should be considered sensitive or vulnerable in most network
environments. The support for SET operations in a non-secure
environment without proper protection can have a negative effect on
network operations. These objects include:
+o bgpPeerAdminStatus
Improper change of bgpPeerAdminStatus from start to stop can
cause significant disruption of the connectivity to those
portions of the Internet reached via the applicable remote BGP
peer.
+o bgpPeerConnectRetryInterval
Improper change of this object can cause connections to be
disrupted for extremely long time periods when otherwise they
would be restored in a relatively short period of time.
+o bgpPeerHoldTimeConfigured, bgpPeerKeepAliveConfigured
Misconfiguration of thse objects can make BGP sessions more
fragile and less resilient to denial of service attacks on the
inter-domain routing system.
+o bgpPeerMinASOriginationInterval,
bgpPeerMinRouteAdvertisementInterval
Misconfiguration of these objects may adversely affect global
Internet convergence of the routes advertised by this BGP
speaker. This may result in long-lived routing loops and
blackholes for the portions of the Internet that utilize these
routes."
There are a number of managed objects in this MIB that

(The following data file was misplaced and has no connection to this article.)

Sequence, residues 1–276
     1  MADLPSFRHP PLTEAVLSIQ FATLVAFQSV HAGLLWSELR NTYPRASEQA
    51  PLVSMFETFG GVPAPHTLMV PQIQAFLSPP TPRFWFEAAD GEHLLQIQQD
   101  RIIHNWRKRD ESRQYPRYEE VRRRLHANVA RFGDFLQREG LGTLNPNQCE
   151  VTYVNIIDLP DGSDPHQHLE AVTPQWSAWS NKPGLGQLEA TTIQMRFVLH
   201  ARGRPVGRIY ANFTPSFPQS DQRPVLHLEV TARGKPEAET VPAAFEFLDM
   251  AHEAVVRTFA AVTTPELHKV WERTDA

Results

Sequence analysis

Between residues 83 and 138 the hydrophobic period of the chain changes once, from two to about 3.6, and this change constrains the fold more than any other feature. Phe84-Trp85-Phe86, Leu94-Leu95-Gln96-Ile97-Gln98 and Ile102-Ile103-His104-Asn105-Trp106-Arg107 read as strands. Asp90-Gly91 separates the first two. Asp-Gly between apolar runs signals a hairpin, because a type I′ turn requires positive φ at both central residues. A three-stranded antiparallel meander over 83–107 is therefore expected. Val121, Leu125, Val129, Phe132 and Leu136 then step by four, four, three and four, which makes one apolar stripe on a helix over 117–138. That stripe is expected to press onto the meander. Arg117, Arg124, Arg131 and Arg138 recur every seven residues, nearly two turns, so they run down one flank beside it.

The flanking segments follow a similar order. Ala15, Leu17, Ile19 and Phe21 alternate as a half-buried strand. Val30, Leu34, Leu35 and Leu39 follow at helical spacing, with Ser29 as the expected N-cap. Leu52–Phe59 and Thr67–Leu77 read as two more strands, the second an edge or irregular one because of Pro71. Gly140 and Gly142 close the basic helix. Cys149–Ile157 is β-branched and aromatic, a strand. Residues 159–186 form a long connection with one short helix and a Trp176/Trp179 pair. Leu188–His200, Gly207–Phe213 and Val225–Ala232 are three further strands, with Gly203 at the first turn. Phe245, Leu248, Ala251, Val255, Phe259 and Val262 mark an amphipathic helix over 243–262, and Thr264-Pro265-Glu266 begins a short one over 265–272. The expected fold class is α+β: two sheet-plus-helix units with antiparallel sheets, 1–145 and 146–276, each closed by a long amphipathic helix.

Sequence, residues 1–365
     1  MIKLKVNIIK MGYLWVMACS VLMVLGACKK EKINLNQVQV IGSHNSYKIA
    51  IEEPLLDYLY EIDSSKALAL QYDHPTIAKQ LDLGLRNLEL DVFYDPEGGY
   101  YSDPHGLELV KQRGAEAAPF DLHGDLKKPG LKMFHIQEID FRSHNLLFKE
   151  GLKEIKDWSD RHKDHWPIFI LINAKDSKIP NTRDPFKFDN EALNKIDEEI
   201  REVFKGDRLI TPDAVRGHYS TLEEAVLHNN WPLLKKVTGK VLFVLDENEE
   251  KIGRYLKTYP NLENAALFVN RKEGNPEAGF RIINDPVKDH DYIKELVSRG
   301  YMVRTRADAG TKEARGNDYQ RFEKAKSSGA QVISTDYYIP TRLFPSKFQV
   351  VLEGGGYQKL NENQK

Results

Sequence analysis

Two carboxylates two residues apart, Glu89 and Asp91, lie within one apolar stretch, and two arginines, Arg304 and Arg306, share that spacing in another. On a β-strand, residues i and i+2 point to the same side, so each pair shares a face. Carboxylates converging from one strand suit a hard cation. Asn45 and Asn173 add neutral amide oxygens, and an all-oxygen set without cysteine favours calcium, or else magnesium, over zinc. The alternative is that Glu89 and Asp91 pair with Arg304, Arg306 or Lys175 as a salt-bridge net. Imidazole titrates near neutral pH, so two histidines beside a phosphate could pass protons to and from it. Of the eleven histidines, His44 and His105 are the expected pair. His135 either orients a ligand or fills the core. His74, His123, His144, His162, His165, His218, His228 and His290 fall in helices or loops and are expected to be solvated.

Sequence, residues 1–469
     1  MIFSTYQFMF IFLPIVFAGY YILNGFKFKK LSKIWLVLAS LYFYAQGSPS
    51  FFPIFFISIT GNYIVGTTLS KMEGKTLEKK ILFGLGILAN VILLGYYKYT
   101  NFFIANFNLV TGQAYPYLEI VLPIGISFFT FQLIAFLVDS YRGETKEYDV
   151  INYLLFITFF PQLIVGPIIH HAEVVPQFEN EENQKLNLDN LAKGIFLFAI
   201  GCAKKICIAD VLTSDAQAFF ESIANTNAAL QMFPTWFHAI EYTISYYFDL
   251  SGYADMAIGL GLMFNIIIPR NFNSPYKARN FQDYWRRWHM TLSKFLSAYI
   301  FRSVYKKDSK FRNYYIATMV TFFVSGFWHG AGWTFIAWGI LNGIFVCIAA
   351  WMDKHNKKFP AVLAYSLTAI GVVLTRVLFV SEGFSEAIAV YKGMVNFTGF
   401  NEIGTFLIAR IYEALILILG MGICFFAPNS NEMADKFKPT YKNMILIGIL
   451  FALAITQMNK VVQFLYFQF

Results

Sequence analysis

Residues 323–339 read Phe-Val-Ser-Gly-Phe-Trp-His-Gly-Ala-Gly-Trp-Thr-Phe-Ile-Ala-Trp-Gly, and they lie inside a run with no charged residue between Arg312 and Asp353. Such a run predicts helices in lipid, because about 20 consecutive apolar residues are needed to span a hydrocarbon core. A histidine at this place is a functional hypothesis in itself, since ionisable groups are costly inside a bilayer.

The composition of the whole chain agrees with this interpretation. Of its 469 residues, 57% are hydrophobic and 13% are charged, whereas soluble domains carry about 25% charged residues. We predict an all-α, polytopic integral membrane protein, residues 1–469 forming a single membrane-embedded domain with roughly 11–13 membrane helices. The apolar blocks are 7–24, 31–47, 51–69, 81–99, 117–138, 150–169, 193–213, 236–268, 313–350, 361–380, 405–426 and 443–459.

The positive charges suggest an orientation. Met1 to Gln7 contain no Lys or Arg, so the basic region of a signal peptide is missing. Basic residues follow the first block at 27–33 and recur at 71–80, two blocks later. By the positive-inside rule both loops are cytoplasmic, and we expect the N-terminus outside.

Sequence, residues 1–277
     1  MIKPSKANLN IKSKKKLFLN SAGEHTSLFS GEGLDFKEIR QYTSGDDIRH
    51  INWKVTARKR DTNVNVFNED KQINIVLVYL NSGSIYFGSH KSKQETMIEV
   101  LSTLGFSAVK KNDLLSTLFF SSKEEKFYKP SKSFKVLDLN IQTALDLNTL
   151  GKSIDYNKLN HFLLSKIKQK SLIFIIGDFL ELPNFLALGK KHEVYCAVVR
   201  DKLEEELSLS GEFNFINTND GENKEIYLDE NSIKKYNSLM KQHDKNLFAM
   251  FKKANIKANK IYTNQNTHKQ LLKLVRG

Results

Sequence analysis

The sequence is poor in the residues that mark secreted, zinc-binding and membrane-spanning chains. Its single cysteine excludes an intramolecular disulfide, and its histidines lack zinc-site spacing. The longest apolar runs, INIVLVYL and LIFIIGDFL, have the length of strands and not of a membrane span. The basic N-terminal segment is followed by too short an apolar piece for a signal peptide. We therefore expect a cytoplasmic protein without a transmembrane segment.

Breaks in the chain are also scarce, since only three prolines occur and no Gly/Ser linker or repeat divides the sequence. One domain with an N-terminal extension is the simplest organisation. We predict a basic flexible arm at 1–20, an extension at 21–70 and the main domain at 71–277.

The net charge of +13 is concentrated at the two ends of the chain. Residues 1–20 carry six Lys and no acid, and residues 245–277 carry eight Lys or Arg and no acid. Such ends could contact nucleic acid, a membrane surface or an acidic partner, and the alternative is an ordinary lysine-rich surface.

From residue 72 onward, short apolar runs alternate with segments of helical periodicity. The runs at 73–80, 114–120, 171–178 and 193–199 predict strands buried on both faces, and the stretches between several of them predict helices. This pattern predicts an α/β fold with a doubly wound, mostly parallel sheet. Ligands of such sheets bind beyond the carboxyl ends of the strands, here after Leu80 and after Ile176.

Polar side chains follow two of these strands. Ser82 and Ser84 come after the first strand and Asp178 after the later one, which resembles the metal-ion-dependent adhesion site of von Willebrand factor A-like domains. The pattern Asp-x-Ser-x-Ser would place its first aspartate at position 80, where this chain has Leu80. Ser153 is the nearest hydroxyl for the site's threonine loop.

contain sensitive information regarding the operation of a network.
For example, a BGP peer's local and remote addresses might be
sensitive for ISPs who want to keep interface addresses on routers
confidential to prevent router addresses used for a denial of service
attack or spoofing.
Therefore, it is important in most environments to control read
access to these objects and possibly to even encrypt the values of
these object when sending them over the network via SNMP.
SNMPv1 by itself is not a secure environment. Even if the network
itself is secure (for example by using IPSec), there is still no
control as to who on the secure network is allowed to access and
GET/SET (read/change/create/delete) the objects in this MIB.
It is recommended that the implementers consider the security
features as provided by the SNMPv3 framework.[REF] Specifically, the
implementation and use of the User-based Security Model [REF] and the
View-based Access Control Model [REF] is recommended to provide
appropriate security controls.
It is then an operator/user responsibility to ensure that the SNMP
entity giving access to an instance of this MIB, is properly
configured to give access to the objects only to those principals
(users) that have legitimate rights to indeed GET or SET
(change/create/delete) them.
10. Acknowledgements